6

Why does PostgreSQL return 't' and 'f' instead of TRUE and FALSE?

The documentation itself advises us to use TRUE and FALSE when inserting boolean values or making comparisons, but returns a different set of values when selecting the value from the database.

CREATE TABLE test1 (a boolean, b text);
INSERT INTO test1 VALUES (TRUE, 'sic est');
INSERT INTO test1 VALUES (FALSE, 'non est');
SELECT * FROM test1;
 a |    b
---+---------
 t | sic est
 f | non est

Is there a reason for this behavior? Have the PostgreSQL commmunity ever tried to change that?

14

PostgreSQL does not return these instead of boolean values. It is some clients (for example, psql and pgAdminIII) which represents TRUE with t and FALSE with f - try the same query in another client and you will see something else. See, for example, what DBVisualizer gives you:

enter image description here

I guess the reason for showing t and f is simply sparing space in a command-line client that lacks horizontal scrolling abilities.

Note: I am in no way affiliated to DbVis Software.

  • 3
    Still postgres returns t or f if the query has asked its results in text mode, as for instance psql does. It also returns the OID of the column's datatype, so the client knows it's a boolean so it can translate/localize the value. – Daniel Vérité Sep 16 '15 at 16:30
2

Community wiki answer:

TRUE and FALSE as cited in the question context are keywords, not values that can be returned to a client. If true as a value was returned that would be 4 times bigger than t, so that's not better.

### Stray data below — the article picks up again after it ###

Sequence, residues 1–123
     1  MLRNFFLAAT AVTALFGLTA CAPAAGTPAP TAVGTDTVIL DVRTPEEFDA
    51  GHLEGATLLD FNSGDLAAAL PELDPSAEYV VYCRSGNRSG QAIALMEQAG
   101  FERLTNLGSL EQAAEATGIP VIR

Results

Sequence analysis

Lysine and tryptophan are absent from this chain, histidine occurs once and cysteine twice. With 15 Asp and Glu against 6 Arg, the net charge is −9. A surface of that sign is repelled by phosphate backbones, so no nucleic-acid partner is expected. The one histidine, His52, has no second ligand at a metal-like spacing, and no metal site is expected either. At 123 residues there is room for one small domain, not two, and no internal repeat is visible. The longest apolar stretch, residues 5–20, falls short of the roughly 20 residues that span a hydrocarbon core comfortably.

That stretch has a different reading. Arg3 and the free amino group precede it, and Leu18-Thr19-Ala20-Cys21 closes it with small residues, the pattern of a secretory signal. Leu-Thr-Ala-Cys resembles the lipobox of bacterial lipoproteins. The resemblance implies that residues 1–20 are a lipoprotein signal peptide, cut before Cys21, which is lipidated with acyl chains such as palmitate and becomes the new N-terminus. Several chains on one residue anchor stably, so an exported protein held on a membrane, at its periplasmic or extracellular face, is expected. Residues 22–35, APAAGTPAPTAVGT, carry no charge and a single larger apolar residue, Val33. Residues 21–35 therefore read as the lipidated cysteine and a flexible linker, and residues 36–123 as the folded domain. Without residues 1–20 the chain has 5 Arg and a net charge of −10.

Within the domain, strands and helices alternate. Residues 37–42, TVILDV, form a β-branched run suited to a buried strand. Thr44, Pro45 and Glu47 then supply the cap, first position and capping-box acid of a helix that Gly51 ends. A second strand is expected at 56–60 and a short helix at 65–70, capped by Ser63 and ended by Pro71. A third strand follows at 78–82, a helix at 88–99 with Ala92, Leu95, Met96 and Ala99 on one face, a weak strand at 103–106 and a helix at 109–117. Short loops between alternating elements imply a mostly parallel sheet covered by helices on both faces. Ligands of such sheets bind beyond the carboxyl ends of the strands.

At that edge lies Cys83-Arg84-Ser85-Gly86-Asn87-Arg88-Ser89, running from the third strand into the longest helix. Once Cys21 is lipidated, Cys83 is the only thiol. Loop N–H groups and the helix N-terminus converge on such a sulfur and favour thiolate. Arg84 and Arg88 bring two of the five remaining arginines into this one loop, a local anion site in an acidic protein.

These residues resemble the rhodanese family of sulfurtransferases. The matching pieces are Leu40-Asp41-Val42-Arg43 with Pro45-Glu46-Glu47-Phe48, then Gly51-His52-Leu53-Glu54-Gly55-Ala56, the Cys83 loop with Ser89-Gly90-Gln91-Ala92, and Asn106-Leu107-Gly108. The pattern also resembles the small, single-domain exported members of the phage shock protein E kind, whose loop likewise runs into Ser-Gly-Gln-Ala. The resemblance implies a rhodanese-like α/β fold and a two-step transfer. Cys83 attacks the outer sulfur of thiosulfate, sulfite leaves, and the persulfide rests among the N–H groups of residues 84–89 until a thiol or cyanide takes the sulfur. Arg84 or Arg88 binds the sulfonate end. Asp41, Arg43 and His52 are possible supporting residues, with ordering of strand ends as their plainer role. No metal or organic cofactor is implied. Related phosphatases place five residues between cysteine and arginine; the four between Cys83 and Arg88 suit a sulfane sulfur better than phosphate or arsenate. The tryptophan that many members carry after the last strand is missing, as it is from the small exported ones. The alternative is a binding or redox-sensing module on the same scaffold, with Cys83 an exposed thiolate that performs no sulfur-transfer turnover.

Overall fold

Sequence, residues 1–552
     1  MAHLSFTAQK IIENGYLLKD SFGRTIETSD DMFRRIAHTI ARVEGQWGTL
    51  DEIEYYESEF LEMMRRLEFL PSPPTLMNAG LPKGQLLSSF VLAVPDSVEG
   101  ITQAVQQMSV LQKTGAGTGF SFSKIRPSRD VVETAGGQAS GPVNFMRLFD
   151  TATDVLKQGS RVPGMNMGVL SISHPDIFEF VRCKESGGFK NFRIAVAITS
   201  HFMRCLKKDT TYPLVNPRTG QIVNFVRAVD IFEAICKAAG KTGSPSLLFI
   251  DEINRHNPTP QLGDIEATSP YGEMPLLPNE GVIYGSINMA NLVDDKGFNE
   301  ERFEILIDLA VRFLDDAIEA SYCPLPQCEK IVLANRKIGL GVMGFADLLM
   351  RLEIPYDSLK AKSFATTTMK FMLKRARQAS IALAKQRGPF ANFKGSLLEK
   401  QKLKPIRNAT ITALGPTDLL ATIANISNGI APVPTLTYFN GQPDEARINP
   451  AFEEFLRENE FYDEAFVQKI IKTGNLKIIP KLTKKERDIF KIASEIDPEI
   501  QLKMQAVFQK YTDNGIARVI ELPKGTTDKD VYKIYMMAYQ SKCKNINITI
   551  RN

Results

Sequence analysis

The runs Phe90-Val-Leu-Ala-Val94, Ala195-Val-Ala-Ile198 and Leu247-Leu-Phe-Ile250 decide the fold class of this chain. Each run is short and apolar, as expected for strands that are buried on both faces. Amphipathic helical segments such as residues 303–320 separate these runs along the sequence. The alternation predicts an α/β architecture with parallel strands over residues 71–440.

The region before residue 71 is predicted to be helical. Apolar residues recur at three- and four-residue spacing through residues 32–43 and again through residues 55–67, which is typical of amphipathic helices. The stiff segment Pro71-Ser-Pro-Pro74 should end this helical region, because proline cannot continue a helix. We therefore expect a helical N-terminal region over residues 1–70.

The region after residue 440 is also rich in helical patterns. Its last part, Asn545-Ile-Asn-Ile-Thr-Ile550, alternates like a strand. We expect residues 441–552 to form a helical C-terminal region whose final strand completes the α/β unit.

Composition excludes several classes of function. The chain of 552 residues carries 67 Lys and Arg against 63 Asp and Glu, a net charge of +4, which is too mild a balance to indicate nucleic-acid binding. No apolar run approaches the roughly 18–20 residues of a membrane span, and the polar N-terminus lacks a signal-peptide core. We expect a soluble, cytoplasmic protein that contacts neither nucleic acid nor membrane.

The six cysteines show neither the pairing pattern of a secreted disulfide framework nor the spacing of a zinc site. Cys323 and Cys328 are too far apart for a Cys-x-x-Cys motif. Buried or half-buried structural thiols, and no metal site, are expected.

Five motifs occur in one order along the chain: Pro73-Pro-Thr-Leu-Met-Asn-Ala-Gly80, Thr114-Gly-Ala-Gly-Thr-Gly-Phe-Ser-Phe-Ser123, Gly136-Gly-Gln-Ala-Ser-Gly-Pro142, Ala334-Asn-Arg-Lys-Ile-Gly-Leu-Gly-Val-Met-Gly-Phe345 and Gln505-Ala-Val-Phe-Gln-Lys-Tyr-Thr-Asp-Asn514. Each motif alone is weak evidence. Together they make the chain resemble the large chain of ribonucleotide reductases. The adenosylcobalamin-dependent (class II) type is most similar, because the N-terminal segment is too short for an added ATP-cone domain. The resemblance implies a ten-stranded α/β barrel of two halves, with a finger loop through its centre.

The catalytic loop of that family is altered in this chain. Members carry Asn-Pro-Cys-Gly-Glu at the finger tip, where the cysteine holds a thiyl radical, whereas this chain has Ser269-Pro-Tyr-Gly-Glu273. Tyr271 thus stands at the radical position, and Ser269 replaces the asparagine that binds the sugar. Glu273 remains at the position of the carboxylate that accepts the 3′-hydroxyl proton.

Statistically 1 and 0 are often present as numbers so they would be harder to distinguish. OTOH t or f is a strong visual hint that we have a Boolean. Same as Y and N in a char column.

boolean is neither binary nor a bitstring. boolean is boolean and operates with a ternary logic around the values true, false and null.

Some other RDBMS lack a proper implementation, which may add to the confusion. If you want 0 and 1 instead, just cast the boolean to integer e.g. SELECT true::int.

Related update in Postgres 9.5:

  • Use assignment cast behavior for data type conversions in PL/pgSQL assignments, rather than converting to and from text (Tom Lane)

This change causes conversions of Booleans to strings to produce true or false, not t or f. Other type conversions may succeed in more cases than before; for example, assigning a numeric value 3.9 to an integer variable will now assign 4 rather than failing. If no assignment-grade cast is defined for the particular source and destination types, PL/pgSQL will fall back to its old I/O conversion behavior.

Your Answer

By clicking “Post Your Answer”, you agree to our terms of service, privacy policy and cookie policy

Not the answer you're looking for? Browse other questions tagged or ask your own question.